PRIVATE swimming teachers have warned they could be forced out of business under consultants’ proposals for out-of-hours swim lessons in city schools to be run by Edinburgh Leisure.
A year-long review of council-owned sports facilities and services by Max Associates recommended the authority’s arms-length company which already operates pools and leisure centres across the city should also take over management of school sports facilities.
It also recommended “direct delivery of swimming lessons” to end “the effective subsidy to private sector competitors”.
But companies which provide lessons in school pools denied there was any subsidy and insisted they paid a commercial rate to hire the facilities.
Council chiefs considering the future of school sports facilities said there would be “room for everyone” after Edinburgh Leisure’s takeover.
Philip Smith, of Swim Easy, which has been running swimming lessons in city schools for more than 18 years, told the council’s policy and strategy committee: “Overall, the private sector companies have over 200 teaching staff and 50 office personnel. Most of these will lose their jobs if we are unable to run our own programme in future.”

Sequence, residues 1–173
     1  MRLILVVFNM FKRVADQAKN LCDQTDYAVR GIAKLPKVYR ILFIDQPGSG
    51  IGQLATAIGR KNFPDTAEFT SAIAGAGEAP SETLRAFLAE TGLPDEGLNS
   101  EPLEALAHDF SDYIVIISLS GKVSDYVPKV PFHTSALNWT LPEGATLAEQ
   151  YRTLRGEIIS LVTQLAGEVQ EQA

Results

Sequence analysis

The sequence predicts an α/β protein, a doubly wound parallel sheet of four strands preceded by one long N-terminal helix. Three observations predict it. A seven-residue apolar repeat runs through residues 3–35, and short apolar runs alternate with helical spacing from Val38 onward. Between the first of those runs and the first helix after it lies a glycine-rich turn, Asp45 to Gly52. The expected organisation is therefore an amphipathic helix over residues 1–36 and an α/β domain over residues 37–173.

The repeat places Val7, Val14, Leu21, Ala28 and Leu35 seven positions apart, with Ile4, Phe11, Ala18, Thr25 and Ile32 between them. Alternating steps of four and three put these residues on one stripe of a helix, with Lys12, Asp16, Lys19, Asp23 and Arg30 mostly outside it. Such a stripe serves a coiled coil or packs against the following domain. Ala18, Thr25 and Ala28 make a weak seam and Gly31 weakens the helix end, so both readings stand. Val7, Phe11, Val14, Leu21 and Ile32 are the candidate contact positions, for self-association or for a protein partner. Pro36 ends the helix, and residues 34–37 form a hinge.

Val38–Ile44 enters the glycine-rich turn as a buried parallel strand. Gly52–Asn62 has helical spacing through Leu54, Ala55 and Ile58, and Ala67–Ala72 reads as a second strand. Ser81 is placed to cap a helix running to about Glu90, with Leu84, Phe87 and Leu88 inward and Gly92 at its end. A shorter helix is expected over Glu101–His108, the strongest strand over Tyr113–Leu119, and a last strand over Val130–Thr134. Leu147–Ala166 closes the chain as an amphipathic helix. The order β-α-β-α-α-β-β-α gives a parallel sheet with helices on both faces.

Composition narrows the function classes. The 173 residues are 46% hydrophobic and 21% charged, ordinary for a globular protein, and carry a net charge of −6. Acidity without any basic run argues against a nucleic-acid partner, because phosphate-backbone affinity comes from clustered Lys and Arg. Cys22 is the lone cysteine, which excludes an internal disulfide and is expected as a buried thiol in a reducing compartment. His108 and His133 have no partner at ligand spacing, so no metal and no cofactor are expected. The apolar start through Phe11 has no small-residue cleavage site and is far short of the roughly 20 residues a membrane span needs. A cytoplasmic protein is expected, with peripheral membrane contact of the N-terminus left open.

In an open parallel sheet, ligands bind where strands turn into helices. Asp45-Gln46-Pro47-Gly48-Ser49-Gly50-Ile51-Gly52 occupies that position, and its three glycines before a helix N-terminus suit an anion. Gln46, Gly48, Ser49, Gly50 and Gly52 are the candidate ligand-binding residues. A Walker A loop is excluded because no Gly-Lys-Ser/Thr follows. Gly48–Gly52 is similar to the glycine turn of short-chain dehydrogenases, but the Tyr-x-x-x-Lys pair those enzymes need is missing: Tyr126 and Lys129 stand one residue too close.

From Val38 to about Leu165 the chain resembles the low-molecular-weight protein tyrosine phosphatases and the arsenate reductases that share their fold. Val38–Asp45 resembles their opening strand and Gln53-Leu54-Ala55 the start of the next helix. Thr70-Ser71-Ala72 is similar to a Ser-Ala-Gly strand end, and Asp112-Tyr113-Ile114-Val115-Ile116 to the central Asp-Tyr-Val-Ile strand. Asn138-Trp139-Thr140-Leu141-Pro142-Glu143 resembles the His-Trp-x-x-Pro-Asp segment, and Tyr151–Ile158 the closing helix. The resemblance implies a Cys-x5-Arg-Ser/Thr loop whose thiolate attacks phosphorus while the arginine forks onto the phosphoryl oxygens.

He said the consultants’ claim there was a subsidy for private firms was “inaccurate”.
He said: “Edinburgh council submit a fee invoice to us on a monthly basis, which we pay. They determine the rate and we pay the rate. We receive no funding from any public sector body. We are entirely self-financing.”
In a letter to the committee, Gordon Henderson, of the Federation of Small Businesses, urged the council not to attack local businesses that provided local jobs and supported the local economy.
He said the private sector delivered 10,000 swimming lessons in Edinburgh annually, compared with 8000 by Edinburgh Leisure. He added: “The recommendation that the council’s own arms-length business should be the only one given access to use the city’s pools would represent an extremely worrying anti-business stance from the council.”
Conservative group leader Councillor Cameron Rose said the consultants’ recommendations would push out charitable and private users.
But Stephanie-Anne Harris, council’s head of sport, said although the consultants had taken a strong view that the council should make sure its facilities were used in its interests, officials were not pushing that recommendation.
She said: “Our report takes a step back from that. We would want to maintain that mixed economy. There is room for everyone, I think.”
The committee approved in principle the transfer of the management of school sports facilities to Edinburgh Leisure but agreed to a request from Councillor Rose to add a clause promising to ensure a “mixed economy of delivery”.
A further report on the details of how the new system will work is due in six months.